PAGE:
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Healthy snacks promoted even on Hallowe’en


November 4, 2008
By THE CANADIAN PRESS

candyNovember 4, 2008 – Montreal – Ghoulish costumes and teeth-rotting candy have given way to
orange T-shirts and pumpkin muffins at many schools across Canada as
political correctness and the global health craze transform how
holidays like Halloween are celebrated.

Ghoulish costumes and teeth-rotting candy have given way to orange
T-shirts and pumpkin muffins at many schools across Canada as political
correctness and the global health craze transform how holidays like
Halloween are celebrated.

Over the last few years, many provinces have taken measures to
ban junk food from school vending machines and have sought to eliminate
trans fats from cafeteria food.

To complement such moves, school boards have tried to
incorporate physical education and good nutrition into everyday school
life, and some aren't prepared to give that up — even for the
holidays.

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We adopted our policy and we asked ourselves, 'should we make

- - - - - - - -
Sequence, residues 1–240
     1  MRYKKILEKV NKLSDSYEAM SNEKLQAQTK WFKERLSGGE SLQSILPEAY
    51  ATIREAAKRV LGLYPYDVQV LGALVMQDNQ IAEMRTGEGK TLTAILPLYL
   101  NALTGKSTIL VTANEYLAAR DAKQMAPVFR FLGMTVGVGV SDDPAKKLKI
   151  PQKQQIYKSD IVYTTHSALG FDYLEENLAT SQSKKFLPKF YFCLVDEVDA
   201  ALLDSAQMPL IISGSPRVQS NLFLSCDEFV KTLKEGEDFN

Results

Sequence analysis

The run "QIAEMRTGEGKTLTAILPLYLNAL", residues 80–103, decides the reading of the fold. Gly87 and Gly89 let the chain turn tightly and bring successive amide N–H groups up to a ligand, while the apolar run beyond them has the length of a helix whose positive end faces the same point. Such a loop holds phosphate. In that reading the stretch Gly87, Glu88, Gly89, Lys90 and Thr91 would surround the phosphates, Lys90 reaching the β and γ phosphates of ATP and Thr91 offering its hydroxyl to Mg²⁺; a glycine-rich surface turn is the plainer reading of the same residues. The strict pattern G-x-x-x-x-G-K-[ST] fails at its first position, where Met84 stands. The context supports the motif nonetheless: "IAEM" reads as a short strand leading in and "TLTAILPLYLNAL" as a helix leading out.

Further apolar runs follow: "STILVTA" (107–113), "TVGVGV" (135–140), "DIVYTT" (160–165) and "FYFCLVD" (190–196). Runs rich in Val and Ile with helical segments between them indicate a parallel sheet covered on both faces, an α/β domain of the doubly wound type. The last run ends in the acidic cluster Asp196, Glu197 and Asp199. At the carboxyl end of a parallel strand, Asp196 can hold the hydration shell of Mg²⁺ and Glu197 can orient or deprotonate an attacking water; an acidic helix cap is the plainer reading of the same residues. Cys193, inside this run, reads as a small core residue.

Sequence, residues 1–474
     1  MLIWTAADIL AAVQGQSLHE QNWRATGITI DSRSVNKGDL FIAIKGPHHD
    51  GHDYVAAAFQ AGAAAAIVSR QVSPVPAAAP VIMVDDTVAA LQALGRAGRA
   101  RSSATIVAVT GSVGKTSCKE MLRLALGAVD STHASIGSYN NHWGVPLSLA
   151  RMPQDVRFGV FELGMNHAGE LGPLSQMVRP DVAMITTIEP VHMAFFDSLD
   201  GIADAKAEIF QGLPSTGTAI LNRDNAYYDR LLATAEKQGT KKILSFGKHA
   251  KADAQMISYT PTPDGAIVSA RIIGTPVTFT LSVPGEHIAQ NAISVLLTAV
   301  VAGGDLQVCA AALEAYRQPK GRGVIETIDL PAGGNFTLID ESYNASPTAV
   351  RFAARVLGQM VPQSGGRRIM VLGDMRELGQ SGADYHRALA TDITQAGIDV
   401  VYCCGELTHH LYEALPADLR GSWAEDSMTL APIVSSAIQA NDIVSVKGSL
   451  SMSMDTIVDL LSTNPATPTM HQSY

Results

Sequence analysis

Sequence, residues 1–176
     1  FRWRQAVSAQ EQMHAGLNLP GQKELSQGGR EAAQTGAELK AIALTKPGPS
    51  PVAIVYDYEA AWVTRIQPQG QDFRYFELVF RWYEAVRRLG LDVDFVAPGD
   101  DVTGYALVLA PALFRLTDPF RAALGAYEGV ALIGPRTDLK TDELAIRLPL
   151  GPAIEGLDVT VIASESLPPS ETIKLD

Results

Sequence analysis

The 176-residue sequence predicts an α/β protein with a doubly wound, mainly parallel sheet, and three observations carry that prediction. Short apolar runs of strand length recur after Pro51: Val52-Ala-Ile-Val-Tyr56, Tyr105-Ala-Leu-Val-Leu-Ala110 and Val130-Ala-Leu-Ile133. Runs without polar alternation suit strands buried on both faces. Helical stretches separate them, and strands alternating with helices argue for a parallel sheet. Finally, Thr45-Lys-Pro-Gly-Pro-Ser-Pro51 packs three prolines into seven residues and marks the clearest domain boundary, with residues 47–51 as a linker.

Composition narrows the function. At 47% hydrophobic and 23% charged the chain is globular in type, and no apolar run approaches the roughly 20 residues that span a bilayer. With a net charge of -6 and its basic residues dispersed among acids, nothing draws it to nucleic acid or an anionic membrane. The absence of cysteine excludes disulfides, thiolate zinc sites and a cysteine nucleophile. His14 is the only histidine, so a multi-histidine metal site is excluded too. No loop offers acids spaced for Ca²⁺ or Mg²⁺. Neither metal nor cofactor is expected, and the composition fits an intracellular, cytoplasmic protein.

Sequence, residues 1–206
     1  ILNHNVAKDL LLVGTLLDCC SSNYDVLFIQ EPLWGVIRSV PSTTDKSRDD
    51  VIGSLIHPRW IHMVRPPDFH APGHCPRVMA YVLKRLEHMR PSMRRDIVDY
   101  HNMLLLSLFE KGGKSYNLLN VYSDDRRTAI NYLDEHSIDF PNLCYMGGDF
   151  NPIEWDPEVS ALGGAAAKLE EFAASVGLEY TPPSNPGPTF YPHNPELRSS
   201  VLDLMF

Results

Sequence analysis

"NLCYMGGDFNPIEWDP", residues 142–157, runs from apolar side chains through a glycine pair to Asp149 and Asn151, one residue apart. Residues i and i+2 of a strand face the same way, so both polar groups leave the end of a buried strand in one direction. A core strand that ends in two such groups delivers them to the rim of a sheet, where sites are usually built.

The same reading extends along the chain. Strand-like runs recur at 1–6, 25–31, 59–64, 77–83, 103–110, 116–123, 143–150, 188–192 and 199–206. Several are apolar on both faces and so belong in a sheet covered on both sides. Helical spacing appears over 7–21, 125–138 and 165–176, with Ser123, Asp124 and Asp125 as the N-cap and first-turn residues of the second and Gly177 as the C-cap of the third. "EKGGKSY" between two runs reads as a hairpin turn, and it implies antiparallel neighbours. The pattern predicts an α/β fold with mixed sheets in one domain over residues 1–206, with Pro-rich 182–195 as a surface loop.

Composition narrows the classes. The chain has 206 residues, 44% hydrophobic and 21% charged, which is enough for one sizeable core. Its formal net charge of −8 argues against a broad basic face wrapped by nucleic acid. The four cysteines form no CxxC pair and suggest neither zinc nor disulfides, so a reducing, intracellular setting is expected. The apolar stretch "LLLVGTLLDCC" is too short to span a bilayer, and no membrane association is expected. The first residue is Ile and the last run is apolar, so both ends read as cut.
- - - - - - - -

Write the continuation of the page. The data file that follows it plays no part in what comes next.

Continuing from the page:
exceptions for holidays like Halloween, Christmas, Valentine's Day and
Easter?'" said Catherine Houpert, a spokeswoman with the Commission
scolaire des Patriotes board south of Montreal.

We decided no, we won't make any exceptions because good nutrition is right every day of the year and also on holidays."

As such, teachers and administrators across the board will be barred from distributing sugary snacks on Friday.

But Houpert said that doesn't prevent kids from bringing Kit
Kats and potato chips to school in their own lunch boxes or prevent
classrooms from participating in Halloween festivities.

School staff are encouraged to distribute dried fruit instead
of jujubes, chocolate with a 65 per cent cocoa content instead of
commercial brands, and apple juice slushies rather than traditional
ones that are full of sugar and artificial colour and flavour, she said.